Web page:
Editorial: St. Petersburg council right to reject Bayfront deal

The St. Petersburg City Council made the difficult but correct decision this week to reject the proposed sale of a local nonprofit’s minority stake in Bayfront hospital. Despite months of negotiations, there were too many questions, a few suspicions ...
Published: 12/15/17
Editorial: Congress should fix flood insurance, children’s health insurance before Christmas

Editorial: Congress should fix flood insurance, children’s health insurance before Christmas

Here’s a snapshot of misplaced priorities in Washington. Last week, the Federal Communications Commission foolishly rushed to scrap net neutrality rules and allow internet service providers to treat different content differently despite overwhelming ...
Published: 12/14/17
Updated: 12/15/17
Editorial: Scott’s smart changes to sexual harassment policy

Editorial: Scott’s smart changes to sexual harassment policy

With misconduct allegations rippling through all levels of government, Gov. Rick Scott has taken the prudent step of ordering uniform sexual harassment policies throughout state agencies. The executive order strengthens protections for victims, which...
Published: 12/14/17
Updated: 12/15/17
Editorial: MOSI faces a clean slate and should give everyone a piece of chalk

Editorial: MOSI faces a clean slate and should give everyone a piece of chalk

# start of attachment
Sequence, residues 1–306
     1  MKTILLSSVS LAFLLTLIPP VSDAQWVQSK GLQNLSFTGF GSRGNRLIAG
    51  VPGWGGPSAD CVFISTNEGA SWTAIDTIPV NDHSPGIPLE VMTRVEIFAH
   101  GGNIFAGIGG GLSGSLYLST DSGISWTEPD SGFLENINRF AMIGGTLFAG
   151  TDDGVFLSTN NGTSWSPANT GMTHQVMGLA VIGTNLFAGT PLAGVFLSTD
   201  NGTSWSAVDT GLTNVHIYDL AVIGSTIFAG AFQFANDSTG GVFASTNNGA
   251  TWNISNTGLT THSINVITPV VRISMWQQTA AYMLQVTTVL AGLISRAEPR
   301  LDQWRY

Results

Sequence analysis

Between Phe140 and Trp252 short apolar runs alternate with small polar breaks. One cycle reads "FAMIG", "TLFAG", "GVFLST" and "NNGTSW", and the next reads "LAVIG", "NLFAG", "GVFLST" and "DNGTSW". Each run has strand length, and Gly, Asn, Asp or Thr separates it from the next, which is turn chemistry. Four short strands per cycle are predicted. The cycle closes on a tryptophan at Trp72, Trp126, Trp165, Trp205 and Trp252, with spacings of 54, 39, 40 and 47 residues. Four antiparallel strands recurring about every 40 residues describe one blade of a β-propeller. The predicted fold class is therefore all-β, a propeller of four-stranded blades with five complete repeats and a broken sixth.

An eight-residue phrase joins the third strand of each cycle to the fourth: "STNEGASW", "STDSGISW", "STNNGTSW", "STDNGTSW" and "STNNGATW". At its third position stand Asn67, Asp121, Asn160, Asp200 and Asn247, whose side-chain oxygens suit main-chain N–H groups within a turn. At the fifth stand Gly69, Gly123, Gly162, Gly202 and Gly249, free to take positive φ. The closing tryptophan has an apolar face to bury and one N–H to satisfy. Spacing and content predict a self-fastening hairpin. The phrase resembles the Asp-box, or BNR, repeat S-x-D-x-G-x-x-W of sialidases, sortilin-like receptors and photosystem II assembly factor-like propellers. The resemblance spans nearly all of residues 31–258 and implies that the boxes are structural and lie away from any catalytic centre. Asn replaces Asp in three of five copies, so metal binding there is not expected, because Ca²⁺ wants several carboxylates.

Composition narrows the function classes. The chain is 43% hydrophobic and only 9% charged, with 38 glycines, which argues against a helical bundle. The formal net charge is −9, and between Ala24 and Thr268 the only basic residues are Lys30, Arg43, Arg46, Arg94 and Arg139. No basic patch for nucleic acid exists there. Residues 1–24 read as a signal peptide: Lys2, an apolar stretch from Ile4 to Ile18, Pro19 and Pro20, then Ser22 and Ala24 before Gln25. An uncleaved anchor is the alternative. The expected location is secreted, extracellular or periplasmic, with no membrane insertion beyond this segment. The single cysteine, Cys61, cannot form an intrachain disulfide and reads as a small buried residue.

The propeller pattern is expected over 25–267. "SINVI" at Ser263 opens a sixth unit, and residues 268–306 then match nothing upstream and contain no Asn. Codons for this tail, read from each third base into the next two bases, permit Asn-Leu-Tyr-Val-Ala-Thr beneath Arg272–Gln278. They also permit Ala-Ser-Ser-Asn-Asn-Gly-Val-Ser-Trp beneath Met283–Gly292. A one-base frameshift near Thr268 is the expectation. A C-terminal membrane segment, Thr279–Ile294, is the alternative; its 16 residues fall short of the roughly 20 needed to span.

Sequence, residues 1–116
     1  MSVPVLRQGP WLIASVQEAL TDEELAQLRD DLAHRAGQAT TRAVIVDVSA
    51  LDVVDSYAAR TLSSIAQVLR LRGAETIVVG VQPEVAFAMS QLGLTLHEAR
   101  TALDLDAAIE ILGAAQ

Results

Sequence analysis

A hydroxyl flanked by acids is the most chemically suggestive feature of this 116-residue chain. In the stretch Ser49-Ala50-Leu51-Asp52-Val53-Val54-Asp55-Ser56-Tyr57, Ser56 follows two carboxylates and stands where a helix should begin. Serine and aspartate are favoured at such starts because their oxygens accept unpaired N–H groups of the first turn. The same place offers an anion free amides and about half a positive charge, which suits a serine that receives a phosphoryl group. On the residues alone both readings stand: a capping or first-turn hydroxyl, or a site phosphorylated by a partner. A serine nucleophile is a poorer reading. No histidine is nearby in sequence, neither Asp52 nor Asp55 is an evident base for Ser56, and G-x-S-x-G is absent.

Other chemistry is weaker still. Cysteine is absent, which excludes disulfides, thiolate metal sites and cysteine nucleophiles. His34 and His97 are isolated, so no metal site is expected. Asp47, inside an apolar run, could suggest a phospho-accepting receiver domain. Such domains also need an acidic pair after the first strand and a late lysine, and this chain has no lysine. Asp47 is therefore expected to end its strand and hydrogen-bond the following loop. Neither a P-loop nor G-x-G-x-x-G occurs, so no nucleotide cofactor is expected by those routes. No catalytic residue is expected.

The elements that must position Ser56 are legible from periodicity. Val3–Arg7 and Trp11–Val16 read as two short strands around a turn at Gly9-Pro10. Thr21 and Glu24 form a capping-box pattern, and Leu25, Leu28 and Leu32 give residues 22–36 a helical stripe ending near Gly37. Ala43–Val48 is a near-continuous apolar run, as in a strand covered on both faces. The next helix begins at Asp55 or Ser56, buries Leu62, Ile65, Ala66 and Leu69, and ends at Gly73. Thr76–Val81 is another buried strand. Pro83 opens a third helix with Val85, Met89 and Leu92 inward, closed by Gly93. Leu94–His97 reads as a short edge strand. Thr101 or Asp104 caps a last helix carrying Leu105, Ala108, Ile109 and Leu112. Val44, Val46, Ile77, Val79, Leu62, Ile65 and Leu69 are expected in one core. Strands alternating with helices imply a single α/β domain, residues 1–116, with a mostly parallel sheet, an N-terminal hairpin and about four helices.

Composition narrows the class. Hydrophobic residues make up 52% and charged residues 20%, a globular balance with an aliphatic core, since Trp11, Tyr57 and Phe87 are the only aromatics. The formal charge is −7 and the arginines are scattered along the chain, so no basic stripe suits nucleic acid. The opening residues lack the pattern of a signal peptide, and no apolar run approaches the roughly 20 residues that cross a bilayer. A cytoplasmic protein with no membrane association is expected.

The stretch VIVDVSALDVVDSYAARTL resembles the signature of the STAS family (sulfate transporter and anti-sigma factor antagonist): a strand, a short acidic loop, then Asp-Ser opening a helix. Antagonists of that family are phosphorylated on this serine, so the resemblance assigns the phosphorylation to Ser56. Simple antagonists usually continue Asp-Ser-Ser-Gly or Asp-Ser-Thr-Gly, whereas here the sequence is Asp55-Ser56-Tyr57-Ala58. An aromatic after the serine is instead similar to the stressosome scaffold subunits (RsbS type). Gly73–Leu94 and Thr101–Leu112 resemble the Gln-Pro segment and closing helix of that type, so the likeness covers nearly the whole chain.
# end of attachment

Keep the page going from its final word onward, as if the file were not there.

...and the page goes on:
For three years, the only news about finances at Tampa’s Museum of Science and Industry was bad news: "Struggling MOSI asks Hillsborough County for $400,000 loan," one headline read, "Audit sees MOSI finances slipping," read another, and "MOSI donor ...
Published: 12/14/17
Updated: 12/15/17
Editorial: Rubio should make good his threat to oppose tax cuts without changes

Editorial: Rubio should make good his threat to oppose tax cuts without changes

For once, it would be nice to see Sen. Marco Rubio stand up as the independent leader he aspires to become. For once, the Florida Republican should hold his position rather than bow to pragmatic politics. Rubio can stick with his threat Thursday to v...
Published: 12/14/17

Another voice: A shameful anniversary

Josephine "Joey" Gay should have celebrated her 12th birthday this week. She should have been surrounded by friends and family in a place festooned with purple, her favorite color.Chase Kowalski should have been working toward a Boy Scout merit badge...
Published: 12/13/17
Updated: 12/14/17
Editorial: Congress should block efforts to expand offshore drilling

Editorial: Congress should block efforts to expand offshore drilling

Timing is everything, and Sen. Bill Nelson seized the right moment this week to call on his colleagues to pass legislation he filed earlier this year that would block the Trump administration from opening additional areas to offshore drilling. With t...
Published: 12/13/17

Another voice: Alabama picks an honorable man

THANK YOU, Alabama.In Tuesday’s special election, the state by a narrow margin chose to spare the nation the indignity of seating an accused child molester in the U.S. Senate. Though the stain of electing Republican Roy Moore would have sullied Alaba...
Published: 12/12/17
Updated: 12/13/17
Editorial: Tax cuts aren’t worth harm to Tampa Bay

Editorial: Tax cuts aren’t worth harm to Tampa Bay

As congressional negotiators hammer out the details on an enormous, unnecessary tax cut, the potential negative impact on Tampa Bay and Florida is becoming clearer. The harmful consequences stretch far beyond adding more than $1.4 trillion to the fed...
Published: 12/12/17